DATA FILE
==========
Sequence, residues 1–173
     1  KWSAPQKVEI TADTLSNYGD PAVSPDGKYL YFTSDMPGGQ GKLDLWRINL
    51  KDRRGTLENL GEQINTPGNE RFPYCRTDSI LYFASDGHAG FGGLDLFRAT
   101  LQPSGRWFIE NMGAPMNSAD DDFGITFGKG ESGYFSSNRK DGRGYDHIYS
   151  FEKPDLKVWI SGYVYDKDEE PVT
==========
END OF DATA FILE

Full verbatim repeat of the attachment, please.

Sequence, residues 1–173
     1  KWSAPQKVEI TADTLSNYGD PAVSPDGKYL YFTSDMPGGQ GKLDLWRINL
    51  KDRRGTLENL GEQINTPGNE RFPYCRTDSI LYFASDGHAG FGGLDLFRAT
   101  LQPSGRWFIE NMGAPMNSAD DDFGITFGKG ESGYFSSNRK DGRGYDHIYS
   151  FEKPDLKVWI SGYVYDKDEE PVT